DO GOOD:

- RAFF is still in need of volunteers. You’ll receive a free T-shirt and two tickets to a film if you sign up to help.

- Purchase tickets to this year’s festival. RAFF will run March 9-12, with all film screenings at the Duke Energy Convention Center.

- It’s not too late to sponsor the event. Contact the Cincinnati RAFF today.
 


High school musicians will work with the CSO and Pops to put on a concert in April


Local high school students are practicing for what's bound to be a memorable performance.

On April 11, a combined orchestra — made up of students from Indian Hill, Mariemont and Madeira high schools — will perform under the conductorship of Cincinnati Pops’ John Morris Russell.
 
Along the way, they’ll receive coaching from Russell, as well as from the Cincinnati Symphony Orchestra and Pops assistant conductors and musicians.
 
The concert is part of a longstanding and collaborative effort that is a key aspect of the CSO’s education and community engagement initiative.
 
“I’m thrilled we are continuing this collaboration for the fifth year in a row,” Russell says. “It’s a joy to see how this program has developed as well as the intense dedication of the student musicians and faculty members in rehearsing and performing together on this very special event.”

The opportunity to perform under the guidance of a top-notch and respected conductor fosters talent and discipline, says Ahmad Mayes, the CSO’s director of education and community engagement. “As the leading music organization in the region, the Orchestra embraces instrumental instruction as a tool for learning and change.”

And when students are highly engaged and inspired, they are capable of producing content that allows them to further recognize their creativity and strength.

“One of the most gratifying endeavors as Pops conductor  is working in the community with music educators, developing self-discipline, creativity, teamwork and love of beauty in our students," Russell says.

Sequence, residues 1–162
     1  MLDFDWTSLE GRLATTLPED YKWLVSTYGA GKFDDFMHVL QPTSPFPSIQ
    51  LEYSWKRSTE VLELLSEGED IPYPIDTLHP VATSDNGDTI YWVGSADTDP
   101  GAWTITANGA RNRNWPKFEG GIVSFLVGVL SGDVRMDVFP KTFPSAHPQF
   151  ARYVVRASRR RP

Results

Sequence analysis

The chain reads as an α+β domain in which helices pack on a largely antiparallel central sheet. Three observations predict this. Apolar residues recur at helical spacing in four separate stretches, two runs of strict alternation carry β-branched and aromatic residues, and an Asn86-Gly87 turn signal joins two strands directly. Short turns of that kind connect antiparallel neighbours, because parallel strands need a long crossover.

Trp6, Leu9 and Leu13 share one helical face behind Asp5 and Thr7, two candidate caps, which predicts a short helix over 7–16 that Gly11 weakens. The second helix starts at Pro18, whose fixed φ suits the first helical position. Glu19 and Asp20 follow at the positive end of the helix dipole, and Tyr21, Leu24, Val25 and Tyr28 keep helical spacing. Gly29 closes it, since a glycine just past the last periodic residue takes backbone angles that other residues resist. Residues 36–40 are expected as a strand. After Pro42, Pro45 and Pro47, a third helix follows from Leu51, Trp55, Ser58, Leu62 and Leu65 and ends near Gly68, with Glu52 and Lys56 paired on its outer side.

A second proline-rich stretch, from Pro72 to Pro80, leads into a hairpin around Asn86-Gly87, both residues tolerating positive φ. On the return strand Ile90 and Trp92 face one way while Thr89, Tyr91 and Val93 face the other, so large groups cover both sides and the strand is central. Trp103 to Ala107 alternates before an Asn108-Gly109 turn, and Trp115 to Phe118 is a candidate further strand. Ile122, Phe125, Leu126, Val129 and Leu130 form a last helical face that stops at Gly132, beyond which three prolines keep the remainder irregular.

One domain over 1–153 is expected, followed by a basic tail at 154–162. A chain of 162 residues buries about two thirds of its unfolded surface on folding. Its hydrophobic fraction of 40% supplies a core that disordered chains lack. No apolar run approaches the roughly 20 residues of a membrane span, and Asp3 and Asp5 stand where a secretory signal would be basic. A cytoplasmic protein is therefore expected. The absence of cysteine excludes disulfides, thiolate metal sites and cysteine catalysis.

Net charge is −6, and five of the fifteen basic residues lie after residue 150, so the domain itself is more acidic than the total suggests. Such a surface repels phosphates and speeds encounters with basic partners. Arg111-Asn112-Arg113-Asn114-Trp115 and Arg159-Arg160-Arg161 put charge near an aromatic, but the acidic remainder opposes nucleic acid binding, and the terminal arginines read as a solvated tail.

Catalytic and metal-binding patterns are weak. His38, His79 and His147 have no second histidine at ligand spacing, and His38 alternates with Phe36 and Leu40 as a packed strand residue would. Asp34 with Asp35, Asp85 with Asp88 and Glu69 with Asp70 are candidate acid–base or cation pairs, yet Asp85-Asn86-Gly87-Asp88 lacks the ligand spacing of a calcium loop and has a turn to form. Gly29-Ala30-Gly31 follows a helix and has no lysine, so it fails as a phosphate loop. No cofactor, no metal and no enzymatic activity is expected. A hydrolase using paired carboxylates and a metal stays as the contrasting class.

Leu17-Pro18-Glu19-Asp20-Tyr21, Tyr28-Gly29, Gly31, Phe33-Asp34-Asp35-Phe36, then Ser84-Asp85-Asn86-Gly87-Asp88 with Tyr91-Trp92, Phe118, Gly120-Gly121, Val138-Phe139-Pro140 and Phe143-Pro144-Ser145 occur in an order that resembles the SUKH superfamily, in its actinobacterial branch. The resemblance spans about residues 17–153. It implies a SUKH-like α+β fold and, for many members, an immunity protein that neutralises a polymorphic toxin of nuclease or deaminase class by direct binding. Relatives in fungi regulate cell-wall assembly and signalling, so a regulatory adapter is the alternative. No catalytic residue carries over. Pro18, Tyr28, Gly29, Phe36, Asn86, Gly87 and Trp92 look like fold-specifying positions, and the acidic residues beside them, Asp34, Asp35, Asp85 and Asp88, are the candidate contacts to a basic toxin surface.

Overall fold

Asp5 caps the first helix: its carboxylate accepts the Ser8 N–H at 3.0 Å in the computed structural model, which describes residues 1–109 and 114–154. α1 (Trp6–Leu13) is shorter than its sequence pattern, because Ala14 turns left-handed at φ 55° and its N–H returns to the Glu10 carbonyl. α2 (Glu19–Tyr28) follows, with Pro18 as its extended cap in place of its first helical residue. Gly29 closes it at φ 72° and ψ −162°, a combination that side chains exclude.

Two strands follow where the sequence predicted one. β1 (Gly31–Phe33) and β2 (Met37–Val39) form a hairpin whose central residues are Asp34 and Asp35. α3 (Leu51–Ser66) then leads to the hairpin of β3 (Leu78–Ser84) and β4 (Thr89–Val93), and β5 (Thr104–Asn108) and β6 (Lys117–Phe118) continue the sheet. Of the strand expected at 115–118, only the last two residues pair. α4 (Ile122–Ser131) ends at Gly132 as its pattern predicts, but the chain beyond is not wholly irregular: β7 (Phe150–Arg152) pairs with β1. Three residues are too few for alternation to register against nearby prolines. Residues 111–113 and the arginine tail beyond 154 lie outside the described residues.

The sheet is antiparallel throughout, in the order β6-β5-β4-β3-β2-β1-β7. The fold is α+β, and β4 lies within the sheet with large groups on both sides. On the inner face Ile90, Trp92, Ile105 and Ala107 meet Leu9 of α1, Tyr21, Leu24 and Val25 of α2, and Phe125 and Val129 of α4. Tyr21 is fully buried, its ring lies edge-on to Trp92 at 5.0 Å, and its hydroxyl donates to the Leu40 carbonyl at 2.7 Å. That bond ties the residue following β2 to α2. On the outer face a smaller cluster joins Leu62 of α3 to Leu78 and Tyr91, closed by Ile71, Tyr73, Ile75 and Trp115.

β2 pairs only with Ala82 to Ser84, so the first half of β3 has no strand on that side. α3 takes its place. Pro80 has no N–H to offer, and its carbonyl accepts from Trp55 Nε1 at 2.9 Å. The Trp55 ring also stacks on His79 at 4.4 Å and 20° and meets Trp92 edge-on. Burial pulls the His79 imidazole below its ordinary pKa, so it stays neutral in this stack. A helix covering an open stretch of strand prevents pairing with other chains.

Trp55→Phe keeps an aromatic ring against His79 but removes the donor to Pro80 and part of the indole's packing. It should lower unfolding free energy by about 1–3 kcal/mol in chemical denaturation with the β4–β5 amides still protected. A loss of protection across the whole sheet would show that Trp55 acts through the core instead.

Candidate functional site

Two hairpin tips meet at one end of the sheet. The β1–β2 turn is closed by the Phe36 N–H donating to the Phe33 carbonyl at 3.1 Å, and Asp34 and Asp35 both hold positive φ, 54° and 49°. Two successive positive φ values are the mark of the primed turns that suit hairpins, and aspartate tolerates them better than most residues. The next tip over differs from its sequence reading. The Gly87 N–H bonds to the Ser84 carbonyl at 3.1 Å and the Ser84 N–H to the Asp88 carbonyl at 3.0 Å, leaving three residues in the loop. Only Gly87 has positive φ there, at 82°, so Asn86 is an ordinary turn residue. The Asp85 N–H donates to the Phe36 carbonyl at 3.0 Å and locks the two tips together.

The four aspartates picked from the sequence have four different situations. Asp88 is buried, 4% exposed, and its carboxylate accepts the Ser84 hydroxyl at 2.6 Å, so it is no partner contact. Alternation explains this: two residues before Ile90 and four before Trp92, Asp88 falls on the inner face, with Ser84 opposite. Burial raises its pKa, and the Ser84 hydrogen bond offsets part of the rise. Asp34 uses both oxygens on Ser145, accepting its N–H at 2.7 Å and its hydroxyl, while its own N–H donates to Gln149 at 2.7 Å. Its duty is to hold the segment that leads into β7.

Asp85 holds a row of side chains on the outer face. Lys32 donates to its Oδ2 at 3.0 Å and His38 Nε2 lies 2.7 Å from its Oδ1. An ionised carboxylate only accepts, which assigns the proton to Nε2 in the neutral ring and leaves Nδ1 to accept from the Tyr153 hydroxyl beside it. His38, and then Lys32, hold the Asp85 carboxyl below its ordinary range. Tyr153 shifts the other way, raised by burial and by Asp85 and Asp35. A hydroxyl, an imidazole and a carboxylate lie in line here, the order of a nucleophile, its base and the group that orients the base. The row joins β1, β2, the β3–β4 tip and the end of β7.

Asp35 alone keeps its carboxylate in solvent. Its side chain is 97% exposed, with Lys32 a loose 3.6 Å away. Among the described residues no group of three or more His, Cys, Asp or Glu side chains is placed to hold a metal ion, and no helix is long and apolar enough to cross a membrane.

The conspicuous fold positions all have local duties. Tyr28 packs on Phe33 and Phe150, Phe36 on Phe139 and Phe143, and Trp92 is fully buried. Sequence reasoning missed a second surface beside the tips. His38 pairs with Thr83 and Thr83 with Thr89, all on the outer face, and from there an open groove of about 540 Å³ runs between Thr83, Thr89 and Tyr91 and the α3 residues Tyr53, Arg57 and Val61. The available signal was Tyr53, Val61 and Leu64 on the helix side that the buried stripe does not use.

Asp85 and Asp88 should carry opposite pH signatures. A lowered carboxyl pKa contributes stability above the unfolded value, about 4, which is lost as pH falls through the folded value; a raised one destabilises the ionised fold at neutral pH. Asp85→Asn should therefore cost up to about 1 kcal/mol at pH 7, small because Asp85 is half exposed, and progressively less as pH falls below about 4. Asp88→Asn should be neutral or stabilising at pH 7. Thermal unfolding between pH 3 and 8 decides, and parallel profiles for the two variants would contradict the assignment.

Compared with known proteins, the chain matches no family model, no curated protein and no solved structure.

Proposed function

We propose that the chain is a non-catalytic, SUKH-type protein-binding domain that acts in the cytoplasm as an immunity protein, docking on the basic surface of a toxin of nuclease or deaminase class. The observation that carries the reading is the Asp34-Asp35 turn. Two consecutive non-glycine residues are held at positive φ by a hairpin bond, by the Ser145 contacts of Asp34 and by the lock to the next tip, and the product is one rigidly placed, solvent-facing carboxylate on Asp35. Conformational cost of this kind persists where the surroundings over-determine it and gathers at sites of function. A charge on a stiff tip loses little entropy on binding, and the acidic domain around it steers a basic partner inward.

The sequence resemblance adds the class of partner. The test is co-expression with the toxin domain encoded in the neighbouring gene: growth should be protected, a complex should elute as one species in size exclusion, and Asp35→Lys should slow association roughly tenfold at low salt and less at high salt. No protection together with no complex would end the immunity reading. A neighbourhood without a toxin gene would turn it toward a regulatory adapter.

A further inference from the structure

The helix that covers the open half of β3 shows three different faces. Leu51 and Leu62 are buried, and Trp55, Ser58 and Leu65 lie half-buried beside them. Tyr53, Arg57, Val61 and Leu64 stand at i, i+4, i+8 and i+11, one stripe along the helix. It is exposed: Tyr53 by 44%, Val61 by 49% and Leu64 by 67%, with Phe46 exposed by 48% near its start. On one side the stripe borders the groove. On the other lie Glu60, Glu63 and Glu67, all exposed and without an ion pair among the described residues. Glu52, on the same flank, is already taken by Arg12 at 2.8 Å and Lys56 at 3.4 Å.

Do Good: 

•    Mark your calendars for April 11. Students will perform at 7 p.m. at Indian Hill High School. 

•    Explore ways you can create musical opportunities for students within the classroom.

•    Know a talented young musician? Check out the various opportunities for growth offered by the CSO and Pops.
 

Annual Securing the Future Conference to challenge and inspire nonprofits


It’s time to end the “Nonprofit Hunger Games,” says Vu Le, author of the blog Nonprofit With Balls
 
Le will serve as keynote speaker at this year’s Securing the Future conference — an annual event aimed at helping nonprofits build their resources and skills — which will be held on Feb. 23 at Xavier University.
 
This year’s topic — because nonprofits have a lot of balls to juggle — is Nonprofit Juggling: People, Perspectives & Priorities. 
 
“This is a one-of-a-kind event in our region, and it is something the nonprofit community looks forward to each year,” says Jenny Berg, executive director of the Leadership Council for Nonprofits, which provides programming for other nonprofits, enabling them to build capacity and gain a network of support. “It brings together nonprofit leaders, funders, board members and businesses to network, learn, challenge, inspire and support the nonprofit community.”
 
This will be the first year the Leadership Council has taken ownership of the annual conference, which began in 2002 as a project of Class XXIV of Leadership Cincinnati, and Berg is excited to take part in hosting it as the lineup of events is a “don’t miss” opportunity, she says.
 
In addition to a keynote address from Le, local leaders will host breakout sessions focused on effectively utilizing individuals connected to nonprofits, whether they be internally or externally involved, ensuring a variety of perspectives are heard and considered, and staying true to one’s mission in spite of pressures that may arise.
 
“It is important to the success of our region to invest in and build up a strong foundation of nonprofits, which in turn makes our community stronger, and more attractive to great talent, development and culture,” Berg says. “If you want to be challenged, encouraged, uplifted, uncomfortable, entertained and to grow, then this is the conference for you. You’ll walk away wondering, ‘What’s one thing that’s too important for me/my organization to juggle — that one thing I simply can’t afford to drop — and how will I ensure it doesn’t get juggled?’”

Do Good: 

•    View the schedule for Securing the Future to learn more.

•    Register by Feb. 17 if you would like to attend Securing the Future.

•    Follow the Leadership Council on Twitter.
 

Female philanthropists to award nonprofits with more than $400k in 2017


For the third straight year, Impact 100 has sustained its member base and will again be able to offer four local nonprofits grants of $101,000 each.